Author's Note: This article has
been revised, but the end results, Eq. 9 and Eq. 14, appear to be
correct. A more complete form for the constant is 2.700768682. This
result is the same as that given in Eq. 1.21 of __Introduction To Quantum
Mechanics,__ Bransden & Joachain, ISBN 0-582-44498-5.

On the Temperature Independence of Energy Partitioning Among Photons in Black Body Radiation

G.R.Dixon, 12/27/2006

Given a unit volume cavity filled with black body radiation at temperature T, Planck’s formula for the radiant energy in (l,dl) is

. (1)

At T=1500, Eq.1 can be numerically integrated to determine that

. (2)

Alternatively one can use Eq. 1 and the Wien displacement law to derive the formula

. (3)

Historically, Rayleigh and Jeans deduced that the maximum number of standing waves (a.k.a. "modes") that __could__ exist in a unit volume is 8p/l^{4}. Later, Einstein suggested that the energy of a photon is always hc/l. These results suggest that Eq. 1 be "parsed" in the following manner:

. (4)

In this article we shall interpret Eq. 4 as follows: The energy in (l,dl) equals the energy of a photon of wavelength l times the number of photons present at temperature T. Note here the postulate that only one photon occupies any given mode, and that all __possible__ modes are not populated by photons. That is, Planck’s factor of 1/(exp(hc/kTl)-1) throttles back the number of modes occupied by photons (particularly at the smaller wavelengths).

Given this interpretation of Eq. 4, we can write the equation more compactly as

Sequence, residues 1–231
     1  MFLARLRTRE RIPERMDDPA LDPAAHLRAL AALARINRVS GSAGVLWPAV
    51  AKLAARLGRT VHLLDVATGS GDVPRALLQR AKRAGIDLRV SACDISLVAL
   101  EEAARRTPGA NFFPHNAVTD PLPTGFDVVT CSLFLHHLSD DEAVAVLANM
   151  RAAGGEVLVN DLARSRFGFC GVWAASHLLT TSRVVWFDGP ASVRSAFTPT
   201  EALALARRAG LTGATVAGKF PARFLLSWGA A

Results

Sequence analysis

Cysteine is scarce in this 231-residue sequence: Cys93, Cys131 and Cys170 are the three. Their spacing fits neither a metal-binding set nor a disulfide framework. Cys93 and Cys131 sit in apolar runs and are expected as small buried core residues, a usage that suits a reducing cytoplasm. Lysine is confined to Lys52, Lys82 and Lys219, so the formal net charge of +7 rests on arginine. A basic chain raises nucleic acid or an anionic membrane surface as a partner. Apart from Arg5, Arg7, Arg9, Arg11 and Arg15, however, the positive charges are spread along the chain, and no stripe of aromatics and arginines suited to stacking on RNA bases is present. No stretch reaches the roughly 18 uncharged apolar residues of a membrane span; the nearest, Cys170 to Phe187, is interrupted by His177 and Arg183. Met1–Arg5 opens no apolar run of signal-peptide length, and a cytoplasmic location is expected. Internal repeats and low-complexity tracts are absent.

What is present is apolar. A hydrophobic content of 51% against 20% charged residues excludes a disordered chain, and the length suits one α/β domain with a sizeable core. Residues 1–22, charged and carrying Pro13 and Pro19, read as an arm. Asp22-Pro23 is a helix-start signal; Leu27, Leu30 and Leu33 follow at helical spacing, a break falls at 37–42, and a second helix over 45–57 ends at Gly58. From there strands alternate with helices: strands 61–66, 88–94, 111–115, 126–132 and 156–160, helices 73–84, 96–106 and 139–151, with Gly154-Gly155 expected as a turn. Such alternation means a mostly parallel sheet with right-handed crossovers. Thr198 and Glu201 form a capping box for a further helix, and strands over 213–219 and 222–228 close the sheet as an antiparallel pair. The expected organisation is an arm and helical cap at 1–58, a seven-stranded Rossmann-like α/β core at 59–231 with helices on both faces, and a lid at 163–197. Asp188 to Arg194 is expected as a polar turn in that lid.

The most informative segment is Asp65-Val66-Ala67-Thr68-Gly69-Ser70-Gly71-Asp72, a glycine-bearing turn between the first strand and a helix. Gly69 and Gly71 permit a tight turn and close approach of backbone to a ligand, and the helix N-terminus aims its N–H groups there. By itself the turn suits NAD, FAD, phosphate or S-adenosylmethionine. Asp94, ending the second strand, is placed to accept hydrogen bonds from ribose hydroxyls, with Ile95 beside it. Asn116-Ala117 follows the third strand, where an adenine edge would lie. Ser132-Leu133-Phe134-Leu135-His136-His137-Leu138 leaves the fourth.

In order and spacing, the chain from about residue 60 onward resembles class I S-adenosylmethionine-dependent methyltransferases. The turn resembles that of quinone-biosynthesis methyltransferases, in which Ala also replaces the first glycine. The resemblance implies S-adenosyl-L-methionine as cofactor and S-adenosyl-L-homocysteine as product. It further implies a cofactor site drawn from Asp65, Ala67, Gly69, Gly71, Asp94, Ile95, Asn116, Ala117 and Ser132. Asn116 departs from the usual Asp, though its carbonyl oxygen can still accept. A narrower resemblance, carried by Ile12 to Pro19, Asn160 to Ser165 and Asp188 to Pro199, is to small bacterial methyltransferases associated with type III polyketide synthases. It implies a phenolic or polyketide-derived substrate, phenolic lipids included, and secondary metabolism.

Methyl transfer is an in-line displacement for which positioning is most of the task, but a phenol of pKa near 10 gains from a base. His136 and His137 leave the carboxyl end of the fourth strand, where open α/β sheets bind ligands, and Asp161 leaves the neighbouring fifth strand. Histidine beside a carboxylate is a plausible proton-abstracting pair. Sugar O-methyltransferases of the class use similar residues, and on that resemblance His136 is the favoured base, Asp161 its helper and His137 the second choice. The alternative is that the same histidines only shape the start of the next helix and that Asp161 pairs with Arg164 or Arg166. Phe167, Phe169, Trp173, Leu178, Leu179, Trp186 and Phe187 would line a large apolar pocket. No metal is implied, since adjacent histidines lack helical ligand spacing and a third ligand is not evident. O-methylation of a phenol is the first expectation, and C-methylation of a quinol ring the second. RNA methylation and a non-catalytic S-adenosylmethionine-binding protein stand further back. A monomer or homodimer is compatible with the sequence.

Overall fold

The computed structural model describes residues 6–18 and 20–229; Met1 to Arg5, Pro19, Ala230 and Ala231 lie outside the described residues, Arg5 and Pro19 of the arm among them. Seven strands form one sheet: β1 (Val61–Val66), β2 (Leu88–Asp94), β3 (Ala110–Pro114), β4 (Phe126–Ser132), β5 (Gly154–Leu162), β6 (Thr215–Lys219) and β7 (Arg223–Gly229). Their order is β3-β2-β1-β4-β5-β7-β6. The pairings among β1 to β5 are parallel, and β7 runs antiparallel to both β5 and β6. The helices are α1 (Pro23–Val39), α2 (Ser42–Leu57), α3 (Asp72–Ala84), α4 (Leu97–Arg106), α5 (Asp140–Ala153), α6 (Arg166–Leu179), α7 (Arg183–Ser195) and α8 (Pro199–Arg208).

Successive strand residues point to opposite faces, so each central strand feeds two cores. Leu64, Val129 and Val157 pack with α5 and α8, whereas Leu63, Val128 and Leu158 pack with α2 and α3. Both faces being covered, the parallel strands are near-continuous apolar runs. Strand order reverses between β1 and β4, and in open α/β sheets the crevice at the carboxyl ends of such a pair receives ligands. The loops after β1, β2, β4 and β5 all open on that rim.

. (5)

Here n(l,T)dl is the number of photons in (l,dl) at temperature T. More explicitly,

. (6)

And Eq. 6 can also be numerically integrated to find that

. (7)

We can divide E_{total} by n_{total} to find <e>, the average photon energy:

. (8)

Division of this result by kT produces

. (9)

Thus at T=1500 the average photon energy is 2.7kT.

Let us now consider a hotter cavity, say one at temperature T=5000. Assuming Eq. 3 is general produces

. (10)

We can check the generality of Eq. 3 by again numerically integrating the integral in Eq. 2. The result confirms Eq. 10:

. (11)

We similarly find that

(12)

and

. (13)

Thus at the higher temperature there are more photons, with greater average energies (or greater average frequencies). But note that here again

. (14)

This is the same as the equipartition factor found at T=1500 (Eq. 9). Thus the result that <e>=2.7kT is true at both T=1500 and T=5000, and like Eq. 3 is probably generally true.